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NLRB Publishes Final Rule on Joint Employers

On Feb. 26, 2020, the National Labor Relations Board (“NLRB” or “Board”) released its final rule on joint employers. The rule restores a standard that had been in place until 2015, when the Board broadened the definition for joint employers in its Browning-Ferris decision. The final rule, which becomes effective April 27, 2020, also provides clarity and guidance on issues that had caused employers confusion in the past.

The Board released its proposed rule on joint employers in September 2018 and changed very little in the final rule. Under the final rule, a business must exercise “substantial direct and immediate control over one or more essential terms and conditions of employment” to be a joint employer. Importantly, the final rule delineates the “essential terms and conditions of employment,” which it defines as wages, benefits, hours of work, hiring, discharge, discipline, supervisions, and direction. The rule also explains factors that constitute “direct and immediate control,” clarifies the meaning of “substantial” control, and specifies that contractual control over certain employment terms does not mechanically create a joint employment relationship.

The Board’s Browning-Ferris­ decision in 2015 expanded the definition of joint employers to include businesses that exercised even indirect control over the terms or conditions of employment. This more liberal standard created potential liability for businesses such as franchisors and parent companies that had a contractual relationship with an employer, but that exercised little actual control over the employer’s employees. Such a standard caused confusion for such businesses, not only because the Browning-Ferris standard was vague, but also because it was a reversal of 30 years of Board guidance.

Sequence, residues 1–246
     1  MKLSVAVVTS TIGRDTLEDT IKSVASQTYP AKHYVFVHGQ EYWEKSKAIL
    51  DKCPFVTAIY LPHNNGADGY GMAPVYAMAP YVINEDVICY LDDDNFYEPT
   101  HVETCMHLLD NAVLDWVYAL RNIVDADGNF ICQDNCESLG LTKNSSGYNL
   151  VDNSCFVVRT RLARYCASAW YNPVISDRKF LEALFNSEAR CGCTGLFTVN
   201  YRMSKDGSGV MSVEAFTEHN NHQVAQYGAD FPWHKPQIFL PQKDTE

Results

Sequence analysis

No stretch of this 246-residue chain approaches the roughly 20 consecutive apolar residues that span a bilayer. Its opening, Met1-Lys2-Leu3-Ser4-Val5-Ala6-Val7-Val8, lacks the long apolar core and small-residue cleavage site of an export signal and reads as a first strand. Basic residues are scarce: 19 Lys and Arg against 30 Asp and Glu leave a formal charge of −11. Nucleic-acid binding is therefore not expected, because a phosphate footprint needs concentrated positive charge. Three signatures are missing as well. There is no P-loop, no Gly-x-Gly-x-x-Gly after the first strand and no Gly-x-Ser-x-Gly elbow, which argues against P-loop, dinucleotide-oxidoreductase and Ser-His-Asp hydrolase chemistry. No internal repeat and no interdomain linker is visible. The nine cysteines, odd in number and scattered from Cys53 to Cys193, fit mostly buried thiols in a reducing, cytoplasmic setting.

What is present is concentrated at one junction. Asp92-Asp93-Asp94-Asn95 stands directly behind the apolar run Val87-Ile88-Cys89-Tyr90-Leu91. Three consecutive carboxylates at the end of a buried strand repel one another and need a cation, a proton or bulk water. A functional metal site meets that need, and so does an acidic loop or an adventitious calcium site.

Employers will be relieved to have concrete guidance in the final rule that the Board was unlikely to provide in a case adjudication. Additionally, by using the rulemaking process and allowing for public comment, the Board made it unlikely the final rule will be overturned in the courts.

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About this Author

Brian Moore, labor and employment litigator, Dinsmore Shohl law firm,
Of Counsel

Brian represents companies in labor, employment, and general litigation matters. His business-oriented approach enables him to guide clients through a myriad of challenges. Brian draws on his experience to help clients reach efficient resolutions -- or pursue litigation and trial -- as the situation warrants. Working with clients in the banking, insurance, retail, health care, energy, hospitality, and food and beverage industries, he has guided them through an array of issues, including discrimination, harassment, wage and hour, deliberate intent, unfair labor practice,...


Zachary focuses his practice on labor and employment issues. He received his J.D. from the University of Cincinnati College of Law, and his experience includes researching cases on appeal from federal district courts and authoring memorandums for cases in areas such as civil rights, employee discrimination, Title IV, various workplace policies and post-conviction relief.

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